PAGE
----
Tag Archives: marriage

Sweetness and sugar

First thing’s first: let’s talk about Trackback Tuesdays!

So, I have this RSS feed on the page (a little below the categories on your right), and it was something I was fairly proud of putting together, especially since WordPress doesn’t allow javascript on the .com blogs. I felt that in addition to providing content you, dear reader, may be interested in, it would also build my report with some of my favorite blogs. I got it up and working, and I update it occasionally, and for a while I’ve called that that.

But that is never that. I’m sharing this information with you because I think it’s either interesting or edifying (hopefully both). So why do I just put it there in a place where only a few will both to take a look and just hope for the best? I should market it more clearly and give you a reason to look at the material I’ve shared.

On Twitter, this consists of me writing out a new tagline, which doubles for its description on Facebook. Here, though, I should do one better. I should write a response that elicits why I’m interested and, with a little effort, why you should be, too.

Maybe my responses will be more personal that marketable. So much the better, since it will fit the site then! 🙂

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The post I’m responding to today can be found here. Naturally Nina is a blog run by a woman who lives in Cambridge that usually focuses on visual art, especially photography, but also branches into her personal life from time to time. I don’t remember exactly how I found her, but I do know that every post of hers has at least one thing I’m glad to have seen, and so I follow her.

She’s getting married soon, which prompted her to post the quote “the ‘perfect’ wedding is one that finds you waking up next to a man who is whispering ‘good morning, wife.’ you reach for his hand, feel the ring, and realize — this is my husband.”

Now, I shun the sentimental. If you’ve read one blog post you know enough to question why I share with you this shared quote. If you’ve seen more, then you may outright doubt what you expect to follow. So let me just tell you: I’m going to discuss the genders.

My written world is dark. I tend to write about people who aren’t altogether nice in situations that aren’t going to turn out in the characters’ favor. After all, why should they? The world doesn’t work that way on a mass level. We suffer every day or every hour crimes (both legal and moral) that nobody wants to suffer–murder, rape, infidelity, bureaucracies–and we have to live with the scars whether or not we solicited them. I write these stories because these are the stories of man en masse, as I see it.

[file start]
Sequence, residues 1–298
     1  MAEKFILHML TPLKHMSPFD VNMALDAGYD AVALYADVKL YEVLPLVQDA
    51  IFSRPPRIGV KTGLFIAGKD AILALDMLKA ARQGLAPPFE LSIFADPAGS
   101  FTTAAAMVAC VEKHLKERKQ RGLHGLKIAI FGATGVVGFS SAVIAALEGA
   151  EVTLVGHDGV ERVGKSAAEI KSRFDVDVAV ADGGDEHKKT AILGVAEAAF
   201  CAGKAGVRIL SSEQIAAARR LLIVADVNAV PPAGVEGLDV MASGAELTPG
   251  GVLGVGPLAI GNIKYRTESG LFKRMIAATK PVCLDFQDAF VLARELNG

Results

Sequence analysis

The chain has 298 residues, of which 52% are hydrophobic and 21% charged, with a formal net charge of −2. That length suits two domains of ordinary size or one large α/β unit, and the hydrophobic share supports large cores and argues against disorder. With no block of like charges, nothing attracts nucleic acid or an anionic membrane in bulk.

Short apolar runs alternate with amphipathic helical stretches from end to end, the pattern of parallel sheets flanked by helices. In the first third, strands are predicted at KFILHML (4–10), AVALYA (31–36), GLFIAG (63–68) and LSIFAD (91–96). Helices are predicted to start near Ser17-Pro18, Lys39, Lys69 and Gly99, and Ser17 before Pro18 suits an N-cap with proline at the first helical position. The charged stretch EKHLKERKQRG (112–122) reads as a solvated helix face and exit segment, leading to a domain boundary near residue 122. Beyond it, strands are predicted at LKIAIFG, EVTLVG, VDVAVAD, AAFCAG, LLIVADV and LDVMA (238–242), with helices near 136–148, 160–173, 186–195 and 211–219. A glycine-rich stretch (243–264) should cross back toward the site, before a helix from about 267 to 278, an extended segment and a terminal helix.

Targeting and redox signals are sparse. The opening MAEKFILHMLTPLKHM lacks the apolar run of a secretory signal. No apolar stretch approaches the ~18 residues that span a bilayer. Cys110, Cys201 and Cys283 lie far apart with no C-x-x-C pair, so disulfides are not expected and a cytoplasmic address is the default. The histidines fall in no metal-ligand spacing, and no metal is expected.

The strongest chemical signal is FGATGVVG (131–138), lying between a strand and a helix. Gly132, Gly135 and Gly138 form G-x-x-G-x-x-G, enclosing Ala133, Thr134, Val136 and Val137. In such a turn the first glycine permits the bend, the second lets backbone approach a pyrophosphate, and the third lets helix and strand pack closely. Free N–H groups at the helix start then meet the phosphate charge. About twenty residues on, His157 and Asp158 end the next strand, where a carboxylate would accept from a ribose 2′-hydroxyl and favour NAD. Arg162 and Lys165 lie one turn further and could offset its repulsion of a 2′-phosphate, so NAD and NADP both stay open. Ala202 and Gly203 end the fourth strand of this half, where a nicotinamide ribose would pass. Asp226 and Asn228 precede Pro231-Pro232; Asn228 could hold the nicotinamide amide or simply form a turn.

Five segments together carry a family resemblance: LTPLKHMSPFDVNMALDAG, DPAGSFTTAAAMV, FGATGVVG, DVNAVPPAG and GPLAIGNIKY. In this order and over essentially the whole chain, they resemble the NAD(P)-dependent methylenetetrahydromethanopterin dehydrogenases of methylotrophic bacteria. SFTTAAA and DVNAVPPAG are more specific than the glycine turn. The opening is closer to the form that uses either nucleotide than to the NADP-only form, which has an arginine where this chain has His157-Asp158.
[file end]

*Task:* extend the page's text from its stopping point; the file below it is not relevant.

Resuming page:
The particular level in which we live sometimes proves that dark world true. Othertimes we get to enjoy moments of exception.

For example, I have a girlfriend, Ashley, that you don’t see me write about much. She’s lovely and sweet and charming. She adores me and, as hasn’t been the case for years before, I adore her back. She sings like an angel, she supports me emotionally and financially, and she loves my dog. Speaking of that, Ashley has a heart as large and powerful as my ego.

Together we’ve done some amazing things. We’ve spared a homeless man a few days on the street; we’ve lifted the spiritual weight of a man whose emotional life was straining his old age; we’ve been treated to a dozen eggs by a homeless man in our neighborhood. We’ve seen our futures in New York and laughed for joy. We’ve built a home together where we spend our days in happiness, even if we’re not idle.

Sure, our belts are a little tight–I’m in graduate school with no full-time job and she works for a non-profit organization aimed as low-income senior citizens–but we have something better than financial security. We have each other. We also have our pets and our passions and our talents. We’re doing alright.

Ashley has seen me tormented by my writing. When I first wrote “Manipulation,” which isn’t posted here, I sank deep into an emotional hole. But it’s generally recognized by writers of all levels that the best writing affects us and shows up outside of the writing. Some writers recommend dealing with lighter subjects and writing out a few jokes to off-set the heavy load of the memoir. Well, you haven’t seen much here that’s light and funny (maybe you will in the future: I heard you, Mani), but as a young writer I just haven’t hit that stride yet. I write about what’s on my mind, and the world in my mind in a dark and heavy place. My life with Ashley is the lightness that offsets that.